The Courage to Be a Fragment

The Goetheanum World Conference is an invitation to reflect on the next years of the anthroposophical world movement, and an opportunity to listen together to where we are and what needs to be done next. It is an invitation into shared visions and successful co-creativity. Christine Gruwez from Belgium will be there as a keynote speaker. Franka Henn interviewed her about her experience of the movement.

Christine, how has the world movement changed since you became part of it?

I perceive it as just that: a movement. It started for me in very concrete terms, in my immediate environment at the Waldorf school—the only one that existed in Belgium back then! There, I experienced how anthroposophy works and how effective it can become. Since then, I have come to know this effectiveness in many different contexts. I have moved further and further afield and experienced anthroposophy in Egypt, Lebanon, Europe, India, America, and Japan. But my beginning, my starting point—which I do not consider to be any center—was reinforced and deepened. I still consider myself to be someone who is “at the beginning.” In the anthroposophical movement, I experience this beginning in its various creations. ****Any creation that takes its start from the place of origin can only ever be a temporal form. All around the world, anthroposophy as a movement is not a fixed, acquired thing, or something that has fully arrived. Rather, what has been and is being created in Dornach manifests itself in different and dynamic ways—not as a center but as a place of beginning, as potential.

Have you experienced a change since you first visited the Goetheanum?

Yes. When I was there for the first time in the mid-70s, I had the feeling: now I’m going to the beginning—to the origin. At that time, everything that took place at the Goetheanum was in a language foreign to me, which is no longer the case at all. Sure, I had learned German and could even make myself understood reasonably well, but it remained foreign. Today, you can move around here in many languages. But above all, certain behaviors had to be understood. I did not know these “codes” and felt like an outsider—a stranger. Almost 50 years later, I feel I am standing here in the world, not at the center. It is clear to me that here and elsewhere, basically everywhere, I find myself at a place of origin. This creates an ever-deepening gratitude towards anthroposophy and its founder. For me, it’s about a process that moves between the beginning and that which wants to take shape. I can experience myself at the Goetheanum as at a fountainhead, at the place where it began—not as in a center. I experience this elsewhere as well. If I can manage that, then the world is directly here and not “out there.” It is in me.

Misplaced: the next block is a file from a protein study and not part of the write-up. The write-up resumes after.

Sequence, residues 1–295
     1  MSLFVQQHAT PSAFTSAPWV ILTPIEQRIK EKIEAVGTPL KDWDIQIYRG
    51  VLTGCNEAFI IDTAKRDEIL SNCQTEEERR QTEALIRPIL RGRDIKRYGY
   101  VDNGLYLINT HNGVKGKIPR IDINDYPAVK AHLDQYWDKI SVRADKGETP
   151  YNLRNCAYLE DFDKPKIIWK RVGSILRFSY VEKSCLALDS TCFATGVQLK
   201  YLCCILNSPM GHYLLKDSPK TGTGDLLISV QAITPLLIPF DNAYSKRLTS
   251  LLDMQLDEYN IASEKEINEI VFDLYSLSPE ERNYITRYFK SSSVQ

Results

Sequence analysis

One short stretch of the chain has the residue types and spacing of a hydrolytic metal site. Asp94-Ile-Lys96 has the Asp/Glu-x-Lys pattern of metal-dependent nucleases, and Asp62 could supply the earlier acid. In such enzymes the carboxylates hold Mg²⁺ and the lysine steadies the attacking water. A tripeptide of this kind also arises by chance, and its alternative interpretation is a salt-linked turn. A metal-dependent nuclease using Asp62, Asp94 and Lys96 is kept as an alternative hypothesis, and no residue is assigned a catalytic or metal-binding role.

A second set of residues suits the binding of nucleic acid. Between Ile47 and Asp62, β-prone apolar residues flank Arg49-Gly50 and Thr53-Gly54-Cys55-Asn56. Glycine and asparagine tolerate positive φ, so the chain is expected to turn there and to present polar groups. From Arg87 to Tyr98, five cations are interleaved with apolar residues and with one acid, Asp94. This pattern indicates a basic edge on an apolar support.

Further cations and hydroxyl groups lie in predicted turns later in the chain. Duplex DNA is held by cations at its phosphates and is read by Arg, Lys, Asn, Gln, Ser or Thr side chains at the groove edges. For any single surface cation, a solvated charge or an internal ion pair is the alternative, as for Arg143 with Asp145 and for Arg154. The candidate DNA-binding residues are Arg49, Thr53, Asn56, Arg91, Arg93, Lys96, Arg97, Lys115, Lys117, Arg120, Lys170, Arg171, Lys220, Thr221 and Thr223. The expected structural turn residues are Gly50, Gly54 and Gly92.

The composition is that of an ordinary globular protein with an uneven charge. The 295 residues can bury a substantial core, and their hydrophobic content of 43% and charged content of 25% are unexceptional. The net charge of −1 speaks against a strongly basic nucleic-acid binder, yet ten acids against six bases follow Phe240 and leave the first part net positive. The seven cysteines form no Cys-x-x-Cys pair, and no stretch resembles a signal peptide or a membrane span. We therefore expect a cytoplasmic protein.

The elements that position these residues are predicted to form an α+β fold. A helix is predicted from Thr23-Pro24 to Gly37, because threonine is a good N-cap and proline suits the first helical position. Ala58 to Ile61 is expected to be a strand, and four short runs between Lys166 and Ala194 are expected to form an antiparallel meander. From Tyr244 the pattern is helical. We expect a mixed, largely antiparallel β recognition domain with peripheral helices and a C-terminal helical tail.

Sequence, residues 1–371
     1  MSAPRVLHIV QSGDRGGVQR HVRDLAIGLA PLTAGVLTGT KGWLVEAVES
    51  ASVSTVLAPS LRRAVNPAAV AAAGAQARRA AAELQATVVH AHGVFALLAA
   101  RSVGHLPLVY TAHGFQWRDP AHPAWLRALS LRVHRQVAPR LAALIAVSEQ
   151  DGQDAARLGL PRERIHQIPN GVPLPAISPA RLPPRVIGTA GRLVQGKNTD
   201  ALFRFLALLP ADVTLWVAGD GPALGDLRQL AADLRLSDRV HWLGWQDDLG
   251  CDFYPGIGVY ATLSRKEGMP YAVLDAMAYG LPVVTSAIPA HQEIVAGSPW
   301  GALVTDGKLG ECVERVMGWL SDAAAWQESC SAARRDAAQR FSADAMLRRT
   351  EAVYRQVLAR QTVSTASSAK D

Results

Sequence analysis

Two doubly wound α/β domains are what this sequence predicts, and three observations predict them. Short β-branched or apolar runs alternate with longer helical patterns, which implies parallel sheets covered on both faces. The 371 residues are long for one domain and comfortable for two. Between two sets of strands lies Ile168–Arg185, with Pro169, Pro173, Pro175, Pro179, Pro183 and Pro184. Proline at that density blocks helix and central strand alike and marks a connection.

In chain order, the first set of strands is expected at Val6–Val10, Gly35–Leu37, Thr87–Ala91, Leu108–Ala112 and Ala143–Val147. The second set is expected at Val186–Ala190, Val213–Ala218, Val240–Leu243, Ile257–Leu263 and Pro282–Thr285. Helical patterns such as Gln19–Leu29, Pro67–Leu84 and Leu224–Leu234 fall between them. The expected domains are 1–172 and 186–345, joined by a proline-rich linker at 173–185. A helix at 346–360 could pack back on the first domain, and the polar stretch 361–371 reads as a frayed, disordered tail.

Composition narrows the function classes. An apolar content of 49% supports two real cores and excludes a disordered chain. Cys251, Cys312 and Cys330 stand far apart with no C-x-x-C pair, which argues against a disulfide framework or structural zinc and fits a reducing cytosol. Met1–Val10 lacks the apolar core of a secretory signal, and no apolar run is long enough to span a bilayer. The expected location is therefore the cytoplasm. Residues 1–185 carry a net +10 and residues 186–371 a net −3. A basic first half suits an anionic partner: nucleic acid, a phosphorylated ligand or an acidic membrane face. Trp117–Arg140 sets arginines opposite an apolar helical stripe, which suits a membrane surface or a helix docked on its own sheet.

The Creative Tension Between Center and Periphery

You make an effort to experience the periphery within yourself, don’t you?

Yes, but at the same time, I also experience myself at the center because, for me, there is no opposition between these two poles, only a fruitful and creative tension. Renewal can only emerge from such tension. It is the tension between the beginning of the creative potential of every human being and what seeks to be formed. We all carry such potential, even though it has yet to awaken. Today, the source of creativity is individual. Creativity individualizes itself, or is meant to individualize itself. I have potential within me, yet it does not belong to me. It is not a possession because it seeks to be creative out of itself. In other words, it wants to realize what it holds within itself. What, then, is the common ground? It is the process of this potential unfolding—everything that unfolds between the beginning and that which has been created! If each person takes just one small step and does so out of their potential, then co-creativity arises. For me, this means, for example, creating free spaces in which the potential of the other can reveal itself. We need to dwell with each other in this web, to support one another, without immediately passing judgment or desiring a result.

I hear in this that creativity in itself belongs to no one. So, we are all a part of the periphery, too. But creative activity, or the possibility of it, nevertheless exists within every human being. That is to say, every human being is also at the center of this anthroposophical movement, or indeed at the center of the world.